Her box inspiration: The mystery and intrigue of street art will always fascinate me. There is something about the anonymity of the artists that has me looking at art in a whole new way, in almost a scavenger hunt style; why was this spot chosen? What does it mean? Who did it, and
why? There are hundreds of street artist’s names that I may never find out, but they certainly have inspired me. Street art tells a story, honors history, can be political, interactive and inspires us just by walking down the street. So much of street art is about stencils. Artists like Shepard Fairey and Banksy can convert a space overnight, and suddenly theneighborhood is transformed. Their style has influenced my design of creating a stencil and using it as a technique to layer and execute quickly. The ocean is the subject I chose to bring to the streets of Hyannis. In this style of creating art quickly mirrors how quickly the seascape can change right before our eyes.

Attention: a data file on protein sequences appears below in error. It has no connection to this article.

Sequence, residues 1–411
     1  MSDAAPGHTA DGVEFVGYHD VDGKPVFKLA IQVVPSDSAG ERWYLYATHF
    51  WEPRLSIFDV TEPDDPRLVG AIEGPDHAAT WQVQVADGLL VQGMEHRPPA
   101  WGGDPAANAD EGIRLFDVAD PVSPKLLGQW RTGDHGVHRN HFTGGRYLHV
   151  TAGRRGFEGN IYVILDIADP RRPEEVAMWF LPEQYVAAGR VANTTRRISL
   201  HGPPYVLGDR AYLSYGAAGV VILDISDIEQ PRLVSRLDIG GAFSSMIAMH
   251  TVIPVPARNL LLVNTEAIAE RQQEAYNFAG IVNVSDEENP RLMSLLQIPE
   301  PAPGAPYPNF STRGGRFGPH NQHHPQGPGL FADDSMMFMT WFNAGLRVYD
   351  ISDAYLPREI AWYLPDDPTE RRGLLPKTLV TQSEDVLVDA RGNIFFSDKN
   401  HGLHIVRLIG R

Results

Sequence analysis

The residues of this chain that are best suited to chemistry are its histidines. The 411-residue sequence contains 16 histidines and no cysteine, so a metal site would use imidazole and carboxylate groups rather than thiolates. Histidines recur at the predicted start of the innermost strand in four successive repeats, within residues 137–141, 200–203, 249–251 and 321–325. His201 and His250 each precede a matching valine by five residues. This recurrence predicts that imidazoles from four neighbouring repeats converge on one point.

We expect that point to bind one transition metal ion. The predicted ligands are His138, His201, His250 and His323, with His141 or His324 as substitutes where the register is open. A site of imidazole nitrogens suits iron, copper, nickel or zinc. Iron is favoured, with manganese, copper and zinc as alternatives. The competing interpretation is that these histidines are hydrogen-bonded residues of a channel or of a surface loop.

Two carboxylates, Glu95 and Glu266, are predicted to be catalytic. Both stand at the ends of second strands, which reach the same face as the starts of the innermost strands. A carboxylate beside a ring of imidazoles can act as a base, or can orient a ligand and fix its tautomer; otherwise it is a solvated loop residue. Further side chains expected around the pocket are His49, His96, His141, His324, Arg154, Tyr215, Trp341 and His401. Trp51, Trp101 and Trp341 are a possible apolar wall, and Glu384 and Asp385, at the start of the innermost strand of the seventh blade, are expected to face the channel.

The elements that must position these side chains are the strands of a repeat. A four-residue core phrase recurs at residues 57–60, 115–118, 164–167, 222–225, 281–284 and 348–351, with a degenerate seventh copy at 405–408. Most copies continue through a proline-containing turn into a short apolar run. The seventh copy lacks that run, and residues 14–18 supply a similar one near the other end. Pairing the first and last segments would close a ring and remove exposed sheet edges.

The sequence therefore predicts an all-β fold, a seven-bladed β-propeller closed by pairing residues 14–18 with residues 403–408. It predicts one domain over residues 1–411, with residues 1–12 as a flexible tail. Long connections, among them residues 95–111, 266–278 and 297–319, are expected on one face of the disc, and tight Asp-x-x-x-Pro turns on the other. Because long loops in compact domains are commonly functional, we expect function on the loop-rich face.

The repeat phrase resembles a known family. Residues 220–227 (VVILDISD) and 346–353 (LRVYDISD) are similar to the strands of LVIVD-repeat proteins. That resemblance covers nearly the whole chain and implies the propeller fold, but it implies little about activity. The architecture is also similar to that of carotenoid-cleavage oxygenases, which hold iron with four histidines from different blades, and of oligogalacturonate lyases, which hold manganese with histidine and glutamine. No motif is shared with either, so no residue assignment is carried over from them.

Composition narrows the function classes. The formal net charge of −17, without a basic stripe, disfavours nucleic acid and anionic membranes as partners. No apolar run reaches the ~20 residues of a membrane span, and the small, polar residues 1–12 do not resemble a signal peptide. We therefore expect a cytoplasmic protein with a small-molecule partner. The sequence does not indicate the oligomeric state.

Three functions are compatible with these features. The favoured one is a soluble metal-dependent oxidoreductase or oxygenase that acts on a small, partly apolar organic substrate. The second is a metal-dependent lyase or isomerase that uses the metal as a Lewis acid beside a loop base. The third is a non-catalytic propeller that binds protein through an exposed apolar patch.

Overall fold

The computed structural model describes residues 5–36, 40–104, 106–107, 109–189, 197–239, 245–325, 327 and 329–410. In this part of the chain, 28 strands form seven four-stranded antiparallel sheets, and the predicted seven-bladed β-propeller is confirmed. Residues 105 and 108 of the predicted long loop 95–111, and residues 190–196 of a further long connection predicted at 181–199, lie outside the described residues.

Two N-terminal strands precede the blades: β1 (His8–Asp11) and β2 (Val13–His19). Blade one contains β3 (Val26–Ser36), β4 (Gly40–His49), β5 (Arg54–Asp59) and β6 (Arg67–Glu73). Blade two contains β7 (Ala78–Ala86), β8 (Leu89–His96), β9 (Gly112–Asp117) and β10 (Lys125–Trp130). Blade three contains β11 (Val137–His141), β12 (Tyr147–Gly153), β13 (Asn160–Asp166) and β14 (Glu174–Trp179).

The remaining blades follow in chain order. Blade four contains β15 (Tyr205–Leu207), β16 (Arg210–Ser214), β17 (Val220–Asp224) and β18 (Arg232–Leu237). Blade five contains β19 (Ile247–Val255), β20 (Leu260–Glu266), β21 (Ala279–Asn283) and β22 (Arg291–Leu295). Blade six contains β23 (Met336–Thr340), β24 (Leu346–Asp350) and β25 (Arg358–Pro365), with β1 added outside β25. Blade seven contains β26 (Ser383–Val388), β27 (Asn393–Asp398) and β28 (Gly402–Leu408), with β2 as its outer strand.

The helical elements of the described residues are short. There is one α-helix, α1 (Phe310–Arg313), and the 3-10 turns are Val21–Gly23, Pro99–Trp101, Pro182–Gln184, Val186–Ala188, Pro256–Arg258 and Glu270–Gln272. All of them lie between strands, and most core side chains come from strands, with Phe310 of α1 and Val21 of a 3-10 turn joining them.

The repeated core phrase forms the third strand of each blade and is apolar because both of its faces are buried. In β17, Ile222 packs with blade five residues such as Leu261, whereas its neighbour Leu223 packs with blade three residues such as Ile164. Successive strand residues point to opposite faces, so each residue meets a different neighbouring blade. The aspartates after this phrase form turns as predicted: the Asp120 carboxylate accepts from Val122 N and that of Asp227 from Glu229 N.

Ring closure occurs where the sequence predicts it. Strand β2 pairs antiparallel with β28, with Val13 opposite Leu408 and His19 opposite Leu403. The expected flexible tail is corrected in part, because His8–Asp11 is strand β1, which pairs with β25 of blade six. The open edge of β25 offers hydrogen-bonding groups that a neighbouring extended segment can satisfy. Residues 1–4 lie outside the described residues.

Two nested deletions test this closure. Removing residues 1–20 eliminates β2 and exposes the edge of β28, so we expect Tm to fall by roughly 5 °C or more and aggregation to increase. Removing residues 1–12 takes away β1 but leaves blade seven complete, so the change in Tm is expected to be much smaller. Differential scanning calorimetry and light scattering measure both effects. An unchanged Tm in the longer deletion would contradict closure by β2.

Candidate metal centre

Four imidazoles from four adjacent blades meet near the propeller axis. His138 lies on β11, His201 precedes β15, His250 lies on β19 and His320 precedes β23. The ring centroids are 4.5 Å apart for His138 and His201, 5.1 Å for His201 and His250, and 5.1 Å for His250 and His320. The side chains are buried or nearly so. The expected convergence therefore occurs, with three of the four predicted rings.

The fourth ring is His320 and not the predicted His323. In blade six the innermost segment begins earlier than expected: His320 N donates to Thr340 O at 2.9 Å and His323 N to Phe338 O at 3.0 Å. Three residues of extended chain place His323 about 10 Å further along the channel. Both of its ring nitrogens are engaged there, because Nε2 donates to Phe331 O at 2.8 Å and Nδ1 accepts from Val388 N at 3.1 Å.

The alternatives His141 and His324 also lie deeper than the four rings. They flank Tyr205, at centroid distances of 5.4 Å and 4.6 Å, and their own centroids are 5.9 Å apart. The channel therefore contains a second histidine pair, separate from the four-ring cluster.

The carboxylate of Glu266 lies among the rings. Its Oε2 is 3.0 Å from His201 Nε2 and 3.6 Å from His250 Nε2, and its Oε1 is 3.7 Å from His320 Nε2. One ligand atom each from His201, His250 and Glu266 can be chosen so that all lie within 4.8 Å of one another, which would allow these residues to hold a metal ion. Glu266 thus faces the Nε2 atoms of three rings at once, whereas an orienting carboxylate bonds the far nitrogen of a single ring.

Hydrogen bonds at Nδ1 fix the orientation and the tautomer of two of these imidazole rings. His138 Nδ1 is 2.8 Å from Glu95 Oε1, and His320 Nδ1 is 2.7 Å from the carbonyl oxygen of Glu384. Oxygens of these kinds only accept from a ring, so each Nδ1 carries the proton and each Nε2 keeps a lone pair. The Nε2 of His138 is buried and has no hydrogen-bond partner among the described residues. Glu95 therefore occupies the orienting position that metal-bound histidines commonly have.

Jackie Reeves uses mixed media to bring together figurative and abstract elements in her art. Her career began in graphic design and illustration which led to a focus on mural painting for15 years. She has created hundreds of murals in private homes, businesses, schools and community centers. Currently, drawing, painting and collage are her primary means of expression; however, she continues to stay involved in public art around Cape Cod.
Reeves has an MFA in painting from Massachusetts College of Art and Design and exhibits her work in museums and galleries throughout New England. She has been profiled in publications including the Boston Globe, Art New England and Artscope Magazine. She is the 2016 recipient of the Arts Foundation of Cape Cod's Fellowship award for Visual Arts. Born in Montreal, Reeves has been resident of Sandwich since 1995.